Late on Tuesday (July 13), the co-founder of Roc-A-Fella Records filed a summons in the Manhattan Supreme Court in New York City alleging that Shawn Carter, better known as Jay-Z for transferring the streaming rights of the Reasonable Doubt album to a company called S. Carter Enterprises LLC without proper authorization. Jay-Z is listed as the sole owner of the company. According to the filing, Dash is seeking at least $1 million in damages. Alex Spiro, the lawyer representing Jay-Z and Roc-A-Fella Records, declined to comment when contacted about the new summons. The summons is only one page, and more details to the allegations are expected to be filed soon.
This is the latest battle between the two former business partners and collaborators that involves the iconic debut album of Jay-Z, released in 1996. Within the past month, Dash and Jay-Z have been wrangling over control of the auction of a proposed NFT (non-fungible token). Jay-Z’s claim in these proceedings against Dash was that the 50-year music producer wanted to sell the album’s copyright, but Dash claims that his intent was to sell off one-third of Roc-A-Fella Records. To make things a bit more complex, Dash was upset at the legal team that now represents Roc-A-Fella-Records and disputed their authority to bring suit against him during those proceedings. That auction was halted in court and was called off as the court case was still pending.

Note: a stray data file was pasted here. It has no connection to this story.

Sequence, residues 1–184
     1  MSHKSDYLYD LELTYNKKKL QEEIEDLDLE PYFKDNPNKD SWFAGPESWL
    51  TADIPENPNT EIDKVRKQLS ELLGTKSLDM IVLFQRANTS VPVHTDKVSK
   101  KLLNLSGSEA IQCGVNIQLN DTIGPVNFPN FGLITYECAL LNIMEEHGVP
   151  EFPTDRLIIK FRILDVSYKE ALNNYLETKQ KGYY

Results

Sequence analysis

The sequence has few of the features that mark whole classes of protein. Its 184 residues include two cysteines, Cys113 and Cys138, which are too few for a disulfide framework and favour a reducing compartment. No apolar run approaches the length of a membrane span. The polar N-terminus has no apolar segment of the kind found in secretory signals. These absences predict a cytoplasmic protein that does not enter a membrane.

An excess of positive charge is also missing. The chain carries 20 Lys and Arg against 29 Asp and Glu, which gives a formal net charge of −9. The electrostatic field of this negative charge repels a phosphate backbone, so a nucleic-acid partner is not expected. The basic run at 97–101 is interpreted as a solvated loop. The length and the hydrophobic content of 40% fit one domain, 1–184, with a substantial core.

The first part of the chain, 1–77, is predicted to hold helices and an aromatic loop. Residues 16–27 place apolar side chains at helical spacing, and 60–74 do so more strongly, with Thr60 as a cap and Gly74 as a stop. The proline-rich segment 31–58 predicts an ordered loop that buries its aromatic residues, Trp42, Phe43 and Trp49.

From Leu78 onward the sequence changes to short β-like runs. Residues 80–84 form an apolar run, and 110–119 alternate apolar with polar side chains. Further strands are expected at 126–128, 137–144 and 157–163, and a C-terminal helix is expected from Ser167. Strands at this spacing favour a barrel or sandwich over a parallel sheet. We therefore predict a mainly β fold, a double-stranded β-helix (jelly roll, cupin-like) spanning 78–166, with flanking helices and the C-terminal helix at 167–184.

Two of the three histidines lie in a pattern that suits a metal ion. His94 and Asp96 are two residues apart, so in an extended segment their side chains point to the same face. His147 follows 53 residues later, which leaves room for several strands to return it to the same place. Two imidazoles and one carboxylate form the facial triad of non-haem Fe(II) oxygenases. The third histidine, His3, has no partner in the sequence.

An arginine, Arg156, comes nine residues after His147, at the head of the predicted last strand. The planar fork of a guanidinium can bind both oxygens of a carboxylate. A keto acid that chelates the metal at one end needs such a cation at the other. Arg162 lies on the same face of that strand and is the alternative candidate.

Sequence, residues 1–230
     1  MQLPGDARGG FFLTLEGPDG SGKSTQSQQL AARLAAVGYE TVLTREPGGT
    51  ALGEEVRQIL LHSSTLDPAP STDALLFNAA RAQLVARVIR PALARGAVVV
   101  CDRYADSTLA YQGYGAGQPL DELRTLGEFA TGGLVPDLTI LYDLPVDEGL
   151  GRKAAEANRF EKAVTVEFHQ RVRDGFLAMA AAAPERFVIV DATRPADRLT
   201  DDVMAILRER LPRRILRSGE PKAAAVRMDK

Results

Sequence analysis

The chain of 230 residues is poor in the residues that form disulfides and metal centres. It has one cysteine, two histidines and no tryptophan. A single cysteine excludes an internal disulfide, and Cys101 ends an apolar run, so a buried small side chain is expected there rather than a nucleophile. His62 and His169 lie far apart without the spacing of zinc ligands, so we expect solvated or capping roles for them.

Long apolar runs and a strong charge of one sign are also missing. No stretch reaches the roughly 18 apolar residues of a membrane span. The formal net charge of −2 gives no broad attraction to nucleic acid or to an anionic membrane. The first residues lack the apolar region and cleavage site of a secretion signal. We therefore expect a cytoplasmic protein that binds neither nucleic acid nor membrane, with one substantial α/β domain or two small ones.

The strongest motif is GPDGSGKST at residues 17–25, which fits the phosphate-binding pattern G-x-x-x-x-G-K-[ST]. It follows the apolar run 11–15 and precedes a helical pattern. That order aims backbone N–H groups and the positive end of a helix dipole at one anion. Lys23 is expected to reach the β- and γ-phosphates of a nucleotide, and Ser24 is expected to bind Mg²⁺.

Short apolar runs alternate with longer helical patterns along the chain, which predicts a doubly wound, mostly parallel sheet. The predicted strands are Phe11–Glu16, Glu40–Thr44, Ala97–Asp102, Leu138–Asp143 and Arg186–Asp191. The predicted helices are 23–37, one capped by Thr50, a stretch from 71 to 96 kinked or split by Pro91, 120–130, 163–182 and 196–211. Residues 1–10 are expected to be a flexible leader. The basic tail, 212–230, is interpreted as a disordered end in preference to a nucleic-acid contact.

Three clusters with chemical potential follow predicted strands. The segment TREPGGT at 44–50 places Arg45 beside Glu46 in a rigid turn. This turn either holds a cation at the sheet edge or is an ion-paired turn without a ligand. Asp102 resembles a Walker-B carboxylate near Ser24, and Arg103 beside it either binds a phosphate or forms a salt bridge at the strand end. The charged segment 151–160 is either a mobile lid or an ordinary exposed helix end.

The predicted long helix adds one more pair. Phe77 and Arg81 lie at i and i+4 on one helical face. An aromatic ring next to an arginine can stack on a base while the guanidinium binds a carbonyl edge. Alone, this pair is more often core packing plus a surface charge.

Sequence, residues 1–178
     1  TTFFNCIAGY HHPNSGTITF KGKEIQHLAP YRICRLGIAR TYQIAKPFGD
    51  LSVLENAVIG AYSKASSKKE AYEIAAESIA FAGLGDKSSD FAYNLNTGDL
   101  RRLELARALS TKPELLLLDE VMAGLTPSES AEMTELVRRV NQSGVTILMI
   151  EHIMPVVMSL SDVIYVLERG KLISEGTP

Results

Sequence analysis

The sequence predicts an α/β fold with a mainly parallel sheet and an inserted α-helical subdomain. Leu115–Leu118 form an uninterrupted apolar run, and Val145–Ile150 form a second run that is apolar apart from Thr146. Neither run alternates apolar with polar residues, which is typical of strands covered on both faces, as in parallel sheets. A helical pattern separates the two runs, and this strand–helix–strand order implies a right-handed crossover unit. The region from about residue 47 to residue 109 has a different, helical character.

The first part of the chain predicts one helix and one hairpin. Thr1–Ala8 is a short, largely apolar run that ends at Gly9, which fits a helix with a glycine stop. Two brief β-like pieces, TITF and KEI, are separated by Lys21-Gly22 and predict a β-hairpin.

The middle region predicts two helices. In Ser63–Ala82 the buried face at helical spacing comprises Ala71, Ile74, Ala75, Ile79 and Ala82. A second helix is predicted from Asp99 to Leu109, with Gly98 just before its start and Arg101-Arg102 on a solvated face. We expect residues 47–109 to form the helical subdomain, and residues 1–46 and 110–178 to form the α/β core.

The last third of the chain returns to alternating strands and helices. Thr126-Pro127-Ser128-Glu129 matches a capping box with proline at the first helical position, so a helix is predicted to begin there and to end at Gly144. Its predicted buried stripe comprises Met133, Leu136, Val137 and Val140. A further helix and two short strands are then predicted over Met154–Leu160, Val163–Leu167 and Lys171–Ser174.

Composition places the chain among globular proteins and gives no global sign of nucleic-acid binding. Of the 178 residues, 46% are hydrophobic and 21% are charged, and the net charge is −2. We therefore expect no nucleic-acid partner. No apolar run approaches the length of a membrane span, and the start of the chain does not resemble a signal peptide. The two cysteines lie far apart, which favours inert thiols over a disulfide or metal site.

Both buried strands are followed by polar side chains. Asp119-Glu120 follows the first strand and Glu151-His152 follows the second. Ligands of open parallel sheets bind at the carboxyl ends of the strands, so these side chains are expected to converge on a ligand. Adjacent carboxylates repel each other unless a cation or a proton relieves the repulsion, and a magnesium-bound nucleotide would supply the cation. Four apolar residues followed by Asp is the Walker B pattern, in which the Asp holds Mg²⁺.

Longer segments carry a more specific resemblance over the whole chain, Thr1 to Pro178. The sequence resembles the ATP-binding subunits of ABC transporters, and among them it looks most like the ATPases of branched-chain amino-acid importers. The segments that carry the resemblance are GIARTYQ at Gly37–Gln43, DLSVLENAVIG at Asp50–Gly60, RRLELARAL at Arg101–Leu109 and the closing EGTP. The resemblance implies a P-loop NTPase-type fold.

Reasonable Doubt has also sparked a legal battle between Jay-Z and renowned photographer Jonathan Mannion where the rapper sued Mannion over the usage of his likeness in the cover photography on the album.